Harmonic Series is Divergent/Proof 1

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Theorem

The harmonic series:

$\displaystyle \sum_{n \mathop = 1}^\infty \frac 1 n$

diverges.


Proof

$\displaystyle \sum_{n \mathop = 1}^\infty \frac 1 n = \underbrace 1_{s_0} + \underbrace {\frac 1 2 + \frac 1 3}_{s_1} + \underbrace {\frac 1 4 + \frac 1 5 + \frac 1 6 + \frac 1 7}_{s_2} + \cdots$

where $\displaystyle s_k = \sum_{i \mathop = 2^k}^{2^{k + 1} \mathop - 1} \frac 1 i$


From Ordering of Reciprocals:

$\forall m, n \in \N_{>0}: m < n: \dfrac 1 m > \dfrac 1 n$

so each of the summands in a given $s_k$ is greater than $\dfrac 1 {2^{k + 1} }$.

The number of summands in a given $s_k$ is $2^{k + 1} - 2^k = 2 \times 2^k - 2^k = 2^k$, and so:

$s_k > \dfrac{2^k} {2^{k + 1} } = \dfrac 1 2$


Hence the harmonic sum $H_{2^m}$ satisfies the following inequality:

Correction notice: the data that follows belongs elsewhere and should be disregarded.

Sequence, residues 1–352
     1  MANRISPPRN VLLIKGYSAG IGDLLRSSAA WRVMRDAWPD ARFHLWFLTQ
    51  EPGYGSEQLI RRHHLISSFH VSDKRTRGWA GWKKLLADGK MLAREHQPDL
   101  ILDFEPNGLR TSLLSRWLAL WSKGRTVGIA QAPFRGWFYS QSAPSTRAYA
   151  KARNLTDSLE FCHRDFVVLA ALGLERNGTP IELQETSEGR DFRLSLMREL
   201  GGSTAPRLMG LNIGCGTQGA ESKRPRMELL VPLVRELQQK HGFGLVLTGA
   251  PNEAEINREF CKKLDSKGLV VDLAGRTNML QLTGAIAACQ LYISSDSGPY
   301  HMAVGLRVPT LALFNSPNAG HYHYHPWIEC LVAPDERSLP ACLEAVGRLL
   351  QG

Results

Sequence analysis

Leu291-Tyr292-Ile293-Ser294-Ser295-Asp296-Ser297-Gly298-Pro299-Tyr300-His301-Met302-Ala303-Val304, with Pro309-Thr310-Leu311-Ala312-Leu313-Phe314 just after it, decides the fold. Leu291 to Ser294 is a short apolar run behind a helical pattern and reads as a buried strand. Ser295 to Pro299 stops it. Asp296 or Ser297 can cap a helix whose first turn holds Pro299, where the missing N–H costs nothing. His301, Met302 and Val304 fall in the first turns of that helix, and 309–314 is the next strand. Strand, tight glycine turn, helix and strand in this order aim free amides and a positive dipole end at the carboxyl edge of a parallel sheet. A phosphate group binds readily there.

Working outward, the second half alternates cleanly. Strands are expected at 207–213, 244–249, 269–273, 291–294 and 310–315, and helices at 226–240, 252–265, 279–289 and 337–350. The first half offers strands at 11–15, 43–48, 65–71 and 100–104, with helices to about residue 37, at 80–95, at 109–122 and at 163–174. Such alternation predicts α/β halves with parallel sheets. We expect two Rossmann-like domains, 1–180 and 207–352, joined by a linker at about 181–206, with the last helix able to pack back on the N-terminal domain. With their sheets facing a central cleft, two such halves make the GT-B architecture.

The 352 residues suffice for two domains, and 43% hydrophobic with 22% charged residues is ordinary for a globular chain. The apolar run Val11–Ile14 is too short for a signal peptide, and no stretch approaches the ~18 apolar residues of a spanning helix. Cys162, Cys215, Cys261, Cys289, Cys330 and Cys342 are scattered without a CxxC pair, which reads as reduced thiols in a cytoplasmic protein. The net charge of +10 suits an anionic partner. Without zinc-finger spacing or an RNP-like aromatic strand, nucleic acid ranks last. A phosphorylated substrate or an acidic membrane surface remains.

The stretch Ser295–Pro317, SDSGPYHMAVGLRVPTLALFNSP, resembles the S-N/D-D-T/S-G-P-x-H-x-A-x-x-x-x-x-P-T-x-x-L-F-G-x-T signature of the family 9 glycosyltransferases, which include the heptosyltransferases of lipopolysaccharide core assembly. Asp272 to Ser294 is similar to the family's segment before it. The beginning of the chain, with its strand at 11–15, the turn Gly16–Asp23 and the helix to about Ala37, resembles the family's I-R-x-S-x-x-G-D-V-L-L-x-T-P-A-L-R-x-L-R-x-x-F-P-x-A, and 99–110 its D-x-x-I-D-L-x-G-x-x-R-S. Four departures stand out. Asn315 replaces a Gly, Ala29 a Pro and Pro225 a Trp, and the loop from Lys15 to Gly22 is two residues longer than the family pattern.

\(\displaystyle H_{2^m}\) \(=\) \(\displaystyle \sum_{n \mathop = 1}^{2^m} \frac 1 n\) $\quad$ $\quad$
\(\displaystyle \) \(>\) \(\displaystyle \sum_{n \mathop = 1}^{2^m - 1} \frac 1 n\) $\quad$ $\quad$
\(\displaystyle \) \(=\) \(\displaystyle \sum_{k \mathop = 0}^m \left({s_k}\right)\) $\quad$ $\quad$
\(\displaystyle \) \(>\) \(\displaystyle 1 + \sum_{a \mathop = 0}^m \frac 1 2\) $\quad$ $\quad$
\(\displaystyle \) \(=\) \(\displaystyle 1 + \frac m 2\) $\quad$ $\quad$


The right hand side diverges, from the $n$th term test.

The result follows from the the Comparison Test for Divergence.

$\blacksquare$


Historical Note

The proof that the Harmonic Series is Divergent was discovered by Nicole Oresme.

However, it was lost for centuries, before being rediscovered by Pietro Mengoli in $1647$.

It was discovered yet again in $1687$ by Johann Bernoulli, and a short time after that by Jakob II Bernoulli, after whom it is usually (erroneously) attributed.

Some sources attribute its rediscovery to Jacob Bernoulli.


Sources